Bill Sines is the Board Chair for Students International, and he joined us on an outreach to Nicaragua in October. Here’s his story.
It was early morning on that first Sunday of our outreach. It was already getting hot. Our country director, Seth, and I took the van to a community called Valle de Volcan. There is a new church plant that is using our community building on Sundays, so the two of us decided to visit them as a show of support.
As soon as we left the main road, the shocks on the van were getting a workout. The dirt road leading back to the community is full of ruts. There’s a lot of trash along the road. It’s really no wonder because the community is situated right next to the dump.
Waving at the security guard, we pulled through the main gate without stopping. I was fixated on what I saw next. The trash pile at the dump has grown considerably since I had been there in 2017. It now encroaches upon the community. If I had to guess, I would say there is now barely a two-lane “road” between the edge of the dump and the houses. But that really wasn’t the worst of it. The scene that still sticks with me is that of two people wandering around on top of the trash. One of them had a hoe or some sort of tool and was pulling the trash back, seemingly looking for something. Later in the week, we had a conversation about whether they were workers “sorting” the trash, or whether they were scavengers. I tend to think they were the latter. And you know how we can’t flush the toilet paper there? No doubt some of the toilet paper finds its way here….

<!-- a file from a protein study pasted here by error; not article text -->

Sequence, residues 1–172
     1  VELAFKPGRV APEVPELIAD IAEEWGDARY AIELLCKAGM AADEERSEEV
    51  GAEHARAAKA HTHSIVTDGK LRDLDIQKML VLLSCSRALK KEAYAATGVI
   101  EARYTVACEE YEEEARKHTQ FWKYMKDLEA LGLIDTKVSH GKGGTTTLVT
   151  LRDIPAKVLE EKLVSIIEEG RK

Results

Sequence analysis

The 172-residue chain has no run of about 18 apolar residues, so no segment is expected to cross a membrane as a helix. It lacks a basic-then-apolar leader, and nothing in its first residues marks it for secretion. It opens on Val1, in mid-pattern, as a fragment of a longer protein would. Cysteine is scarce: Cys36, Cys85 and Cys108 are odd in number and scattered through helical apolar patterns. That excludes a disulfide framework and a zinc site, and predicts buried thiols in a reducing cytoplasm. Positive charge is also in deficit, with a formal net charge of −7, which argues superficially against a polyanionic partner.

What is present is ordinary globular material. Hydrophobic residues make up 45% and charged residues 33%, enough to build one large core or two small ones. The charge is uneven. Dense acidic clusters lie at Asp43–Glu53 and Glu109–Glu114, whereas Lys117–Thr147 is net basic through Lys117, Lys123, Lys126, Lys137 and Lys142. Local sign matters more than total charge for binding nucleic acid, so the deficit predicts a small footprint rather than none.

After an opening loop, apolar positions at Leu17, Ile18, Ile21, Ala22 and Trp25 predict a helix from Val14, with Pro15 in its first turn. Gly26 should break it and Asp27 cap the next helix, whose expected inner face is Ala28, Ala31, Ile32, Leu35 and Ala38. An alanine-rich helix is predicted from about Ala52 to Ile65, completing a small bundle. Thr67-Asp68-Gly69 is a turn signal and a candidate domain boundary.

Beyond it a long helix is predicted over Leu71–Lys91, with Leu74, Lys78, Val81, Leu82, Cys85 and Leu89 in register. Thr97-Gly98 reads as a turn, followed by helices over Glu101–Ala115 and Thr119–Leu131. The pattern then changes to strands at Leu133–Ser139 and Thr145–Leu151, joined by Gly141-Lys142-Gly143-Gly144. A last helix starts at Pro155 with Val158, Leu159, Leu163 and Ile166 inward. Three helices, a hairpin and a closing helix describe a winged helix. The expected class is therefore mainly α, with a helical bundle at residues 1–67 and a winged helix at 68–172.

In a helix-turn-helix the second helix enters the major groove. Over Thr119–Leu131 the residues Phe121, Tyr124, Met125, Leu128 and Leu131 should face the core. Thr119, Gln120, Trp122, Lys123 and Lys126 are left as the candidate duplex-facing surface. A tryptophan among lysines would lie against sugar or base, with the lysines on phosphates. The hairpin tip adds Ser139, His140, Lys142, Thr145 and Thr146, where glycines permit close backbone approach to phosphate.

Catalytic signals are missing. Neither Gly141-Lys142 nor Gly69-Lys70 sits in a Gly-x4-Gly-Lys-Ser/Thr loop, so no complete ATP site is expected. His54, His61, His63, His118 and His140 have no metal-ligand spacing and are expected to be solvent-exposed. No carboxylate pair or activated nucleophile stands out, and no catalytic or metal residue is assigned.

Winding our way through the community, Seth and I made our visit to the new church plant. There were roughly 30 people in attendance. It’s awesome to see that the building is getting used for ministry in so many different ways. Physical therapy, medical, and the tutoring sites all meet there at various times. Tucked away in a quiet corner between a cornfield and a pineapple field, minutes from the dump, is our ministry center, where some vitally important ministry is occurring in a very poor community in Nicaragua. I praise God for it.
One of the most powerful parts of an outreach is home visits. We just simply take time to walk through the different communities and visit and pray with people. Having been to Nicaragua numerous times, we kept hearing throughout the week, “we remember you.” A number of people on our team have been to Nicaragua multiple times, and they heard the same thing: “we remember you.”
For me, sharing the gospel is probably the pinnacle of any outreach effort. And I got that opportunity on this trip. A handful of people responded positively to a gospel presentation I was able to give. But in light of our home visits, and in light of the increasing poverty, the Lord reminded me of the power and importance of ministering practically to the people, through visits, and through bringing donations:
“For I was hungry and you gave me something to eat, I was thirsty and you gave me something to drink, I was a stranger and you invited me in, I needed clothes and you clothed me, I was sick and you looked after me, I was in prison and you came to visit me” (Matthew 25:35-36, NIV).
Similarly, James 1:27 states, “Pure and undefiled religion before God and the Father is this: to visit orphans and widows in their trouble, and to keep oneself unspotted from the world” (NKJV).
When you go on an outreach, this is what you’re doing. You’re visiting people in their distress, and you’re helping them with practical needs. I invite you to go, and keep going! And may you hear, as you keep going back, “we remember you.”